Entangled Life

By Merlin Sheldrake,

Book cover of Entangled Life: How Fungi Make Our Worlds, Change Our Minds & Shape Our Futures

Book description

NEW YORK TIMES BESTSELLER • A “brilliant [and] entrancing” (The Guardian) journey into the hidden lives of fungi—the great connectors of the living world—and their astonishing and intimate roles in human life, with the power to heal our bodies, expand our minds, and help us address our most urgent environmental…

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Why read it?

17 authors picked Entangled Life as one of their favorite books. Why do they recommend it?

I don’t often think about mushrooms or what they do underground, but they fascinate me every time I see one, whether it’s in a forest or a supermarket. Their forms are otherworldly and they’re neither animal nor plant.

When I stumbled onto Sheldrake’s book, I didn’t even think; I just bought it. And I’m very glad I did – Sheldrake is a biologist who studies fungi and writes like a poet. This is one of those books that widens your horizons and makes you consider the world afresh. I came away thrilled and energised.   

Occasionally, a book seems to massively widen your comprehension of the world, and this one does that with every chapter.

An exploration of the mycelial entanglement under our feet that shapes life, breath, our thoughts, and our future. Every change of perspective and scale is astounding; I’ll never look at a mushroom, or anything in the woods that it converses with, in the same way again.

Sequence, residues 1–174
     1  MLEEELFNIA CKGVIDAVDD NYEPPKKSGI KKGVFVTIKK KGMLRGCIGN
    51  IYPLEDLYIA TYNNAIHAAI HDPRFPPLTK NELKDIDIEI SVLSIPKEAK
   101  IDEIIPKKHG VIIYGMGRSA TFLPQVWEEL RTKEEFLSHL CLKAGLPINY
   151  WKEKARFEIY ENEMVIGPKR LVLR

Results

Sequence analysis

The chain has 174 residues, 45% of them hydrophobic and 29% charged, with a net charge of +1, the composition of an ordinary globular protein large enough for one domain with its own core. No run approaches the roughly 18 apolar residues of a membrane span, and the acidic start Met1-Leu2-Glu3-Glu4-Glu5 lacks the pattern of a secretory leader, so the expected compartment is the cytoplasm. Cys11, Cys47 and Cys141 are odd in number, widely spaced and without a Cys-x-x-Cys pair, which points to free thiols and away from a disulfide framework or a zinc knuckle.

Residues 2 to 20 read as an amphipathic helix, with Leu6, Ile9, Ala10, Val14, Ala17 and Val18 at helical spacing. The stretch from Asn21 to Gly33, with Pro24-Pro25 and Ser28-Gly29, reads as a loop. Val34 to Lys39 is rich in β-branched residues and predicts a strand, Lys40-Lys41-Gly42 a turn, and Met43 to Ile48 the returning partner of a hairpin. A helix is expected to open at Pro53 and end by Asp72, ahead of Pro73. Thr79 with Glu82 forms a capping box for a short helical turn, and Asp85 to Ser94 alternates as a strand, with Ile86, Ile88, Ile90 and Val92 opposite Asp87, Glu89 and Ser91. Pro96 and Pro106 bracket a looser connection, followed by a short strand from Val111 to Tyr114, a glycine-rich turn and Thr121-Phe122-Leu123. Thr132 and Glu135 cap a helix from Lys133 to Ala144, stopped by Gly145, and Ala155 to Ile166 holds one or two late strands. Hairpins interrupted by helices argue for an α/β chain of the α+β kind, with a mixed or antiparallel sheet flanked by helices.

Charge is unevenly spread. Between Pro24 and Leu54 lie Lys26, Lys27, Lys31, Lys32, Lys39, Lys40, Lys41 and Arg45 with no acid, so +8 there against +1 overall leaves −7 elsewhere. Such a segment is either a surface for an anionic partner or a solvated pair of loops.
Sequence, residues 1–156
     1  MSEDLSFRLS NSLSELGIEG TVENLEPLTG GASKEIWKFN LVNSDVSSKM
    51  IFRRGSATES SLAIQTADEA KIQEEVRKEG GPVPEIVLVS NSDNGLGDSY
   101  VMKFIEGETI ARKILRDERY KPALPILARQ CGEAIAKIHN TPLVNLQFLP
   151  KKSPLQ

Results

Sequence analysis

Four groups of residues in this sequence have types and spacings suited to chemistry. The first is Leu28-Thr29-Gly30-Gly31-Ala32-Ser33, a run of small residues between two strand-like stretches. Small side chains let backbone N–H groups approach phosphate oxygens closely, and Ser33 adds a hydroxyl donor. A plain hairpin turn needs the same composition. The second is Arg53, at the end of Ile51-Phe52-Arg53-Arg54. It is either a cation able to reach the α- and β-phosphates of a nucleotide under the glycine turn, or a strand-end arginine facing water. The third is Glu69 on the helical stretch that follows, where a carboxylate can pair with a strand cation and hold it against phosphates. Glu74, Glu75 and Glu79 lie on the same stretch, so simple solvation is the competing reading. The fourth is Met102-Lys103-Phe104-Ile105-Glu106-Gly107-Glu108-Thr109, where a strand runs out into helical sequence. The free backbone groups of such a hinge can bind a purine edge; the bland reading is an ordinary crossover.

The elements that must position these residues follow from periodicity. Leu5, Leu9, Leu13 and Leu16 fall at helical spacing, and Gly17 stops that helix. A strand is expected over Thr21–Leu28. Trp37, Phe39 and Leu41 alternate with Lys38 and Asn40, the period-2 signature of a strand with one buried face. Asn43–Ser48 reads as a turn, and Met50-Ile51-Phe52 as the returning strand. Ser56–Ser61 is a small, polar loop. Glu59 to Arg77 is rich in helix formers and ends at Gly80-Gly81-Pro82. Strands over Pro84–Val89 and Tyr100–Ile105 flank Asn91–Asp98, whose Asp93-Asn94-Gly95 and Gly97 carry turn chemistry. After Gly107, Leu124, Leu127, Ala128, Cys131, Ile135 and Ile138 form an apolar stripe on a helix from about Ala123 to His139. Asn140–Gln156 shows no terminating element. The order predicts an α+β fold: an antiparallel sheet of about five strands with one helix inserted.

I read only a handful of nonfiction titles every year, and I’m so glad I made space in my reading schedule for this quite awe-inspiring one.

Sheldrake’s writing is so inviting and compelling, and what he has to share about the world of fungi is absolutely fascinating. I already knew more about fungi than the average person, yet I still gasped in surprise several times while reading, and I constantly regaled my partner with newly learned fungi facts.

Even if you’re not particularly interested in fungi, I think you’ll find plenty here to wonder at. 

Who would have thought fungi could be so fascinating and clever?

In this very easy to read but informative book, Sheldrake explores the intricate and symbiotic world of fungi and their invisible connections with plants and animals. From mycelium networks that connect plants underground to the potential of fungi in medicine, psychedelics, biotechnology, the book uncovers the hidden and remarkable abilities of fungi.

Sheldrake challenges our perception of fungi as mere decomposers or organic matter and reveals their immense impact on our planet. For my taste, Entangled Life does occasionally stray into wishy-washy mystical magic mushroom ramblings but Sheldrake’s engaging…

From Johnjoe's list on the big ideas that changed our world.

While studying wildlife, I often slept on a polythene sheet on the floor of a tropical rainforest. In the velvet blackness, I would look down on the tracery of glowing fungal threads everywhere in the leaf litter of the forest floor. In my memory they blend with night flights over human cities: bright trunk roads and byways among the packed ranks of houses, all in a wide and sparkling network. And so it is with the fungal kingdom described here. A vast aspect of life on Earth is revealed that is almost entirely invisible to the naked eye, yet makes…